I know everybody says this, but I feel like A-Day has been on the decline since my first one in 2012. In fact, it feels that way for most school events. The Hill just isn’t as full anymore. The chants just aren’t as loud anymore. The boys just aren’t as rowdy anymore. Maybe that’s got something to do with becoming an older student, and even if only slightly, a bigger one too. Could it be that the same presence of cheer just doesn’t feel as big all these years later? I hoped so, but I had a conversation with another IB2 that made me think there’s some reason behind my observation:
UCC students fall victim to the perpetual cycle of being “too busy.” For most, there seems to be a million things to do and not enough time in a day to get everything done. Naturally for a hyper-achievement climate like ours, the task that always gets relegated is self-care.
Self-care comes in the form of a good night’s sleep every night (lol), eating breakfast, taking study breaks, getting exercise, and a host of other things we’re told to do every day by at least one assembly speaker each year. I would argue that the most important form of self-care is playtime. There is something to be said for taking a few hours every so often to forget about everything. Healthy escapism exists: it’s not stress denial, it’s stress control. It’s those few hours that remind us that it is possible to have fun. That reminder is so incredibly important for the maintenance of our mental health, and it’s a criminally undervalued one.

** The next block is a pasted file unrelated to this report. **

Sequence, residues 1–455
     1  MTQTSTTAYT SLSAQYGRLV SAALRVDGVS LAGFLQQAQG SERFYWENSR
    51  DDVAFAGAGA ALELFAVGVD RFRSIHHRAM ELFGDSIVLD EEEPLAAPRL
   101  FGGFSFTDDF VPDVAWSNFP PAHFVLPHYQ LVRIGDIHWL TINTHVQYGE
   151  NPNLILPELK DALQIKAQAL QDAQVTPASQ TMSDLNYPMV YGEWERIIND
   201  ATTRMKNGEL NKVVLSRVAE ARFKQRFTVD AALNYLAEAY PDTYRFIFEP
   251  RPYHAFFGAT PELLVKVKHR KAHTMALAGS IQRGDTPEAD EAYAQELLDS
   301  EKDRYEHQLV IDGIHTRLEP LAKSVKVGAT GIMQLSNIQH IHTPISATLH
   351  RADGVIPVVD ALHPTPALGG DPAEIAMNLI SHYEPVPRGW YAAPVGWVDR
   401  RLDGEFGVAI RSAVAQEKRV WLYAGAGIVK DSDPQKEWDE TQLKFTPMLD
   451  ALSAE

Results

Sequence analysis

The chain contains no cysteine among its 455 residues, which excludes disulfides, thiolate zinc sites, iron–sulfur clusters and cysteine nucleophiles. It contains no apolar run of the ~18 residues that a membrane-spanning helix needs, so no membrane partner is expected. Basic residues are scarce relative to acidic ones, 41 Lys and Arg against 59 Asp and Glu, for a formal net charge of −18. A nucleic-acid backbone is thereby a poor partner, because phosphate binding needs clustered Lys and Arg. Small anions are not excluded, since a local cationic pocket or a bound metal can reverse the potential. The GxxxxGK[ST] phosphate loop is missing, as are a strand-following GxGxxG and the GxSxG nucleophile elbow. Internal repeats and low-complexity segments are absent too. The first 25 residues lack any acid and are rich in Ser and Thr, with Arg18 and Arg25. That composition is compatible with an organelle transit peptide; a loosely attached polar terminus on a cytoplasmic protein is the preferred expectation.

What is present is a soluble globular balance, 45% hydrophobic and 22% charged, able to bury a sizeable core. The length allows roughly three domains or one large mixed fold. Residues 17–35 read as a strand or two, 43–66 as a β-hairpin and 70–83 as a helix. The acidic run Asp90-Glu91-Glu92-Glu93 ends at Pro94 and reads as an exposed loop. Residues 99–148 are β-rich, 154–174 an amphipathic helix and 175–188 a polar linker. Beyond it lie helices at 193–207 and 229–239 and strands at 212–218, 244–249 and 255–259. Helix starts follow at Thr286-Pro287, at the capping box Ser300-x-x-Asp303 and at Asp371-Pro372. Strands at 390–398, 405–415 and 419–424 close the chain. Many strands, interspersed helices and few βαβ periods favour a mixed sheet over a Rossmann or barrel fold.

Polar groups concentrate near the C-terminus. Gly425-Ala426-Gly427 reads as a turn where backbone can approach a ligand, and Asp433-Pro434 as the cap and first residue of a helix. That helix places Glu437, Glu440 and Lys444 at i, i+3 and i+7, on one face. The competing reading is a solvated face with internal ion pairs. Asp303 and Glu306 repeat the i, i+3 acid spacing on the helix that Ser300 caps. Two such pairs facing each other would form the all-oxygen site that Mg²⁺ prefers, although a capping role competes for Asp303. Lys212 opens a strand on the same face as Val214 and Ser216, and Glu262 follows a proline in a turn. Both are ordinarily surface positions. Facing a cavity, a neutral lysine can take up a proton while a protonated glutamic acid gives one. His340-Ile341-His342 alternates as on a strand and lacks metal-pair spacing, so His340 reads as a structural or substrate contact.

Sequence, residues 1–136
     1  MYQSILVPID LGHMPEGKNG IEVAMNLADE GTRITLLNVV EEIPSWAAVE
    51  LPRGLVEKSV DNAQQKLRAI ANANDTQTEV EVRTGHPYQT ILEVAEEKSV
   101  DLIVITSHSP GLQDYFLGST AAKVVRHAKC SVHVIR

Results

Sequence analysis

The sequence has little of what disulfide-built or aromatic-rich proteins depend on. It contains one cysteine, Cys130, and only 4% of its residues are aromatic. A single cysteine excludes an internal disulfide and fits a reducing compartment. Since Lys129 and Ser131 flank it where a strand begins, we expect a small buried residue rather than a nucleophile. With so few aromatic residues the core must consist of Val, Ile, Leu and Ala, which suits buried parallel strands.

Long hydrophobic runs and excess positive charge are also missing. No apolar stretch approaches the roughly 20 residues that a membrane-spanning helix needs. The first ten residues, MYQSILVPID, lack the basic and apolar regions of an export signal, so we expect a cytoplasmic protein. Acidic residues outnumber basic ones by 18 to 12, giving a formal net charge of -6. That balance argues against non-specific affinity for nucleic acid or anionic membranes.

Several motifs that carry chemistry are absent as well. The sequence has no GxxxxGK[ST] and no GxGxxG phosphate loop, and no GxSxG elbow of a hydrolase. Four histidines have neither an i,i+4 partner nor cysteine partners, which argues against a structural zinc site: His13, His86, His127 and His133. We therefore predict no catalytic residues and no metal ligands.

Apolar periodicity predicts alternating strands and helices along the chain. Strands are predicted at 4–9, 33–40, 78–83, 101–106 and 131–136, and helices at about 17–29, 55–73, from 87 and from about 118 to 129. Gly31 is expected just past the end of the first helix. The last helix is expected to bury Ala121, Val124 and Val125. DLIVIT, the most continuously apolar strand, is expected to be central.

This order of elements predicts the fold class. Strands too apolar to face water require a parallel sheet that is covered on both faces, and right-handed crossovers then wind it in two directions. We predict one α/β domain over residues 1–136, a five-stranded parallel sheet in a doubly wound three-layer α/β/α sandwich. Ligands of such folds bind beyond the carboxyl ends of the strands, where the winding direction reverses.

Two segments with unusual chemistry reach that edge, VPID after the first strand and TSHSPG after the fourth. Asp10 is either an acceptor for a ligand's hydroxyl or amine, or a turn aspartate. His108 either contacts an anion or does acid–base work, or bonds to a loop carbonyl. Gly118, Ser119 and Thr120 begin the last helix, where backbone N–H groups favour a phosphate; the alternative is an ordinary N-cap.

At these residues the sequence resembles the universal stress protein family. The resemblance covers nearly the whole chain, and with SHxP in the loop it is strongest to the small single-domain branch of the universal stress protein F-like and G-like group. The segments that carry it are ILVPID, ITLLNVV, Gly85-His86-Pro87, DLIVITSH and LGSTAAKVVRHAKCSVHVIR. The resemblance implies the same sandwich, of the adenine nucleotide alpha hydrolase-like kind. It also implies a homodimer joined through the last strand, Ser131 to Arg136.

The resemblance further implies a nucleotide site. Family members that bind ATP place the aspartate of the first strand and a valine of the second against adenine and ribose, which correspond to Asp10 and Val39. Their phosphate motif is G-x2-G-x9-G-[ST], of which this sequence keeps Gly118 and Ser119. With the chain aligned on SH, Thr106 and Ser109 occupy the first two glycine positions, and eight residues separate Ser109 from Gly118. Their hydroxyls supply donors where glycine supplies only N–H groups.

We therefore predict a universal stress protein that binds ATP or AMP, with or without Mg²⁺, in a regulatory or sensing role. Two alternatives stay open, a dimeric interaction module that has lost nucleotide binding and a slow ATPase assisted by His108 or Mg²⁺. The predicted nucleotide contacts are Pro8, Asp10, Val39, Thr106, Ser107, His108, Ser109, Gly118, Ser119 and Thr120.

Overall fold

The lion’s share of student time at the College goes to academics. That’s okay, but there is a distinction that not all students make before it’s too late: it is encouraged that you immerse yourself in the scholastic challenge here at UCC, but you cannot let it consume you. Immersion is when you are interested in your course material, and work diligently to understand concepts and do well in your classes. Consumption is when it becomes a mental burden and source of anxiety that you use as an excuse to not be present in your life. All the old boys who come back and visit tell us the same thing: it’s not the hell weeks endured or the 7s achieved that stick out when you assess your time spent here, it’s the community that we have a chance to experience. It is, to put it colloquially, the time spent with the boys. That time is seldom more memorable than at the community events of all types that we are lucky enough to have every year.
UCC’s calling card might be its academics, but make no mistake: the school only works because it is a community that we all have a chance to be a part of. That community is grown in both size and strength when spirits are high – Pride in Blue if you will.
So this is a plea, for your sake and for ours, to consider finding that time to experience adolescence outside of a textbook. This is a community you will not regret immersing yourself in. Nobody is to cool to get up and join in on that “Go Blues Go” chant. And I promise, you are never, ever too busy either.